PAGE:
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    Mr Clean's Avatar
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    I cut tracks up because it is easier for my workflow. Especially in Reaper. If the first word of a line is too high, cut it after and reduce the volume of that slice. Done in seconds. Quicker than clicking Envelopes, ticking boxes, adjusting the timeline of automation. It's how I work. It's still automation but a different way about it.

    However, I didn't say use a compressor to equalize volumes, I said use a compressor to tame the highs and lows. This would be after doing the above and there'd be very little to tame but it would help to make the track sound like a unit. Subtle compression. Not squash and suck the life out it. That would sound equally as bad as normalizing it.

    But as for normalizing, I learned the hard way what normalizing can destroy and wouldn't use it again. It's too hit and miss and I wouldn't want any additional noise added and more automation work.
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    CMB Studios is offline Senior Member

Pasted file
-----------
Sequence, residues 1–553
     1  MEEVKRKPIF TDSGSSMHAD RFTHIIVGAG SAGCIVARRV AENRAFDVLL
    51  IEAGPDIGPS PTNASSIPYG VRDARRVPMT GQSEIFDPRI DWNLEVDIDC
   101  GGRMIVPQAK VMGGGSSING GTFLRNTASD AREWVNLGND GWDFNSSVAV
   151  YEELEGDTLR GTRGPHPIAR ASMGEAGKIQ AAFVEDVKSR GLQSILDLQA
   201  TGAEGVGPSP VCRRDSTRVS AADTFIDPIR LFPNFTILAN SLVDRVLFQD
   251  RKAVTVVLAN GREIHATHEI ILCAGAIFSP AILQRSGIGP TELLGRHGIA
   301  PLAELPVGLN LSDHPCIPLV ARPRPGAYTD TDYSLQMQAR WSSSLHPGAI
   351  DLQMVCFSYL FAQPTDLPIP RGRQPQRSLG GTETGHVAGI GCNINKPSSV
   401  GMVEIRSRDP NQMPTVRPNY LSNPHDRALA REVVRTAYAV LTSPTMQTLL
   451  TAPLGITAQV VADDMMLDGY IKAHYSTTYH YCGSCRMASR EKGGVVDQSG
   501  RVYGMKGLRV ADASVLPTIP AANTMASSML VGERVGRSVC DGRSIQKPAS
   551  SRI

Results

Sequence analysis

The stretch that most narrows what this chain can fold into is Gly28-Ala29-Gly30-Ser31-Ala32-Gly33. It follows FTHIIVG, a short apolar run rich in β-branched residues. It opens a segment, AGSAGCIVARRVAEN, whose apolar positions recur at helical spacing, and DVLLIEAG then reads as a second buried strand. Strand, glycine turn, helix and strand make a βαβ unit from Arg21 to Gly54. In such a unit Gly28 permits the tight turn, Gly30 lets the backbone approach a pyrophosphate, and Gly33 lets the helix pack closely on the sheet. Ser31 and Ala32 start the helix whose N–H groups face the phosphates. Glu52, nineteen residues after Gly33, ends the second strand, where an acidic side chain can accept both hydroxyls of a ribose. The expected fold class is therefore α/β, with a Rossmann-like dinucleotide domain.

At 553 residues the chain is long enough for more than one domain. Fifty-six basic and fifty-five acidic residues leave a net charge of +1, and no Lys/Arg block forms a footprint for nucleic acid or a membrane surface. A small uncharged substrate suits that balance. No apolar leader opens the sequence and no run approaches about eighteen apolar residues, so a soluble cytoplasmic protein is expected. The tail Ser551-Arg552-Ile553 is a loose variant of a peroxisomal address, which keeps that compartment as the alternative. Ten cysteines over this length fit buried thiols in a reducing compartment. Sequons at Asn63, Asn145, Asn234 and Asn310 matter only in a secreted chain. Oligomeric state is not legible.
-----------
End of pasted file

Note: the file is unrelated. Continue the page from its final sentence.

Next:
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    normalizing doesnt really destroy anything and could be useful in this scenario... if you recorded in a poor room with a lot of floor noise then maybe... but even still.... its a decent tool when used correctly... why else would it still exist?

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    Mr Clean's Avatar
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    Perhaps Normalize tools have changed in the last 10 years and I'm out of touch and they work magic now. I still wouldn't use it.
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    CMB Studios is offline Senior Member
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    Quote Originally Posted by Mr Clean View Post
    Perhaps Normalize tools have changed in the last 10 years and I'm out of touch and they work magic now. I still wouldn't use it.
    lol mr. snippy... for someone that doesnt know how to regulate vocal volume you sure know a lot about how peoples advice WONT work...

    Good luck my friend.